|Crime pattern theory is a geographical approach to understanding offender activity spaces and movement patterns and how this shapes their perception and awareness of local environments and the crime opportunities they offer.||How might change affect offenders’ ability to move within, spot opportunities and familiarise with risks in their activity space? How might that activity space itself change with (say) the introduction of new transit systems, use of mobile navigation applications that direct people through areas they would otherwise not visit, or as a consequence of receiving data on the activity of places? How might offenders develop activity spaces in virtual or other environments made accessible by new technology? An example is where unmanned aerial vehicles make the vertical dimension easily accessible to people.|
|Crime precipitators are factors in or near the immediate crime situation which influence the motivation/emotion of offenders, making their search for, or exploitation of, criminal opportunities more likely. Environmental cues, events or influences can prompt, pressure, permit or provoke criminal behaviour. ||How might innovation/change influence the nature, strength and patterns in situational precipitators, or the susceptibility of offenders to them?|
|25 techniques of situational prevention comprise a catalogue of practical techniques organised around many of the above perspectives (risk, effort, reward to offender; excuses and provocations).||How might innovation/change enable or constrain the successful operation or implementation of each of these categories or exemplars of preventive technique?|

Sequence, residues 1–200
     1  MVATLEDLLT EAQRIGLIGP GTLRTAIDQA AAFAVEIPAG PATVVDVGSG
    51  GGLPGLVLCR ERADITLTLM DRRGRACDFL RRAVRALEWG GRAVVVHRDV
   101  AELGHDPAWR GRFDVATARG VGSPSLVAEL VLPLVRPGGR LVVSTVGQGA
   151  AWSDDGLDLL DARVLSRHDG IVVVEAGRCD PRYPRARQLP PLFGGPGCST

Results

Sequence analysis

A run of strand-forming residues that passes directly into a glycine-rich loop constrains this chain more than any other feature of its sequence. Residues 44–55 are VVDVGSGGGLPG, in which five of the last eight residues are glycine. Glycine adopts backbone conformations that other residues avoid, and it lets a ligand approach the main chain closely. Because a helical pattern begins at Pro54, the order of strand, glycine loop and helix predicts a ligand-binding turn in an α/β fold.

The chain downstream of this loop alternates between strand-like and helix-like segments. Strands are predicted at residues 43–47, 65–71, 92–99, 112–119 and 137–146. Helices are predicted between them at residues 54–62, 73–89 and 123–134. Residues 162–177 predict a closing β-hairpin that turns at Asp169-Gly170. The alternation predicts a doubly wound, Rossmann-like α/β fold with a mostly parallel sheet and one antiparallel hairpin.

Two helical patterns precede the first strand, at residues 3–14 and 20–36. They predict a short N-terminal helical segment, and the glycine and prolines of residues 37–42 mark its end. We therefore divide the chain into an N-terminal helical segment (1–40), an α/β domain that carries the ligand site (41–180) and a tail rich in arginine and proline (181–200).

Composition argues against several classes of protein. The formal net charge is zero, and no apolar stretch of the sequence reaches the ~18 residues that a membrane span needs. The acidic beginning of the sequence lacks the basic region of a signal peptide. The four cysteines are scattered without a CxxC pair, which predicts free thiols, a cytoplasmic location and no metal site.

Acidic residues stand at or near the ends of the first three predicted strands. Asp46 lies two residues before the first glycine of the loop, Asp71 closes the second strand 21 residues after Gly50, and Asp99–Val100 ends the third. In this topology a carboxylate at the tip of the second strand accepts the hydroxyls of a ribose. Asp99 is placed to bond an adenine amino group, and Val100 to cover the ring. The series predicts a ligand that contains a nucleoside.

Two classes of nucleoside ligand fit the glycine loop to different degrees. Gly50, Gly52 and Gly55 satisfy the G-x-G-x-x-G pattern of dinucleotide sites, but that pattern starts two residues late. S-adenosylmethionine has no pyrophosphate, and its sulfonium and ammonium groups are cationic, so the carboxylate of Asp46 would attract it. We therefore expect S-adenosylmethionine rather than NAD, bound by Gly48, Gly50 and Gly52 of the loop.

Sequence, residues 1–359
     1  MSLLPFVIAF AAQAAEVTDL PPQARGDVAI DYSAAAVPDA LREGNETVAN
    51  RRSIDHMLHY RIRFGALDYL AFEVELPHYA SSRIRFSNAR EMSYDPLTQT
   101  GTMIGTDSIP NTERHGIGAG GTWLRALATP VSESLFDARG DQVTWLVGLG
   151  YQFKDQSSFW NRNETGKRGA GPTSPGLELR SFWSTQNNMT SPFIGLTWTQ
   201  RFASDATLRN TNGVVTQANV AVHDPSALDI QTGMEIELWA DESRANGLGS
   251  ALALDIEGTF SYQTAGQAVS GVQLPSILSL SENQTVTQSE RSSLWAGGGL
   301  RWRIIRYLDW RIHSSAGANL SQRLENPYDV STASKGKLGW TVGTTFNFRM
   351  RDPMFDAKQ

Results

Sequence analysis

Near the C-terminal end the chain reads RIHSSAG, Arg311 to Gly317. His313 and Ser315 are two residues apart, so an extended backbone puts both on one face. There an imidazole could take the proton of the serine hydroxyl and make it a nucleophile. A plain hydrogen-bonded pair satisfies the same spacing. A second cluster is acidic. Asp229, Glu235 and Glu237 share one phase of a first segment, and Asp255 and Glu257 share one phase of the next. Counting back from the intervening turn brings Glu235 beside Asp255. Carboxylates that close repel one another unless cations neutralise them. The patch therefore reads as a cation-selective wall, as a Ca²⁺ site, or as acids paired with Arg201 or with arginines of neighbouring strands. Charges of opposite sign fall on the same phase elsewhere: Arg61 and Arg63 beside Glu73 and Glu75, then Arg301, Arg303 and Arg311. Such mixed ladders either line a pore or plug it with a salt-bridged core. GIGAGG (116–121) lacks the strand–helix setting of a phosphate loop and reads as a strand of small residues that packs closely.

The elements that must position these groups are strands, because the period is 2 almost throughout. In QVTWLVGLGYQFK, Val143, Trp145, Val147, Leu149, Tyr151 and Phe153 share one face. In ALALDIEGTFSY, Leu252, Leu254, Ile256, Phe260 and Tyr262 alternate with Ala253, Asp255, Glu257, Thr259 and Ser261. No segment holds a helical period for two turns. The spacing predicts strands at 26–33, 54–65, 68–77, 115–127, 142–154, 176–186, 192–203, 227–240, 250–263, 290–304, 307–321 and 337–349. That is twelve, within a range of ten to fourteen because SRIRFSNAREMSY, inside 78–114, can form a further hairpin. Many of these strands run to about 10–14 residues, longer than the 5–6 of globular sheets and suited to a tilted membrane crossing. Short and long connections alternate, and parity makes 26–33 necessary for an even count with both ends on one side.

|5Is Framework is a process model for doing crime prevention, with main task streams comprising Intelligence, Intervention, Implementation, Involvement, Impact||Essentially we can ask of every task/sub-task listed under 5Is, how might its performance might be affected by future changes?|
|Conjunction of Criminal Opportunity is a one-stop-shop framework which facilitates holism. It combines the preceding situational prevention approaches with various offender-oriented approaches in an integrated suite of 11 immediate causes of criminal events, and counterpart intervention principles. These causes and interventions could change in future and thus offer broad leads to systematically envisaging crime/security possibilities, whether generated by individual causes or – more likely – interactions. A brief illustration of CCO applied to futures is entitled ‘Future imperfect‘.||How might innovation/change affect each of these immediate causes of criminal events, and how they interact? How might it affect the scope for intervention in those causes?|
|Misdeeds and Security Framework is a ‘think thief’ approach to distinguishing several broad ways whereby products, places, procedures and systems can feature in criminal affordance and action (Misappropriated, Mistreated, Mishandled, Misbegotten, Misused, Misbehaved with, Mistaken); also in security counterparts.||From the offender’s perspective, how might I Mistreat, Misuse (etc.) that innovation? From a more detached viewpoint, how might innovation/ change enable or constrain Mistreatment, Misuse etc. by offenders?|
|Risk and protective factor suites e.g. Hot Products/ CRAVED have been developed to inform understanding of what makes a product ‘hot’||How might innovation/change affect these risk factors, or the capabilities and intent of offenders who might exploit them?|
The approach in the above box is illustrated in a 2019 presentation.
The same general approach to generating futures-oriented questions can be adopted for other frameworks, e.g. scripts and script clashes, supercontrollers, and the Ds Framework.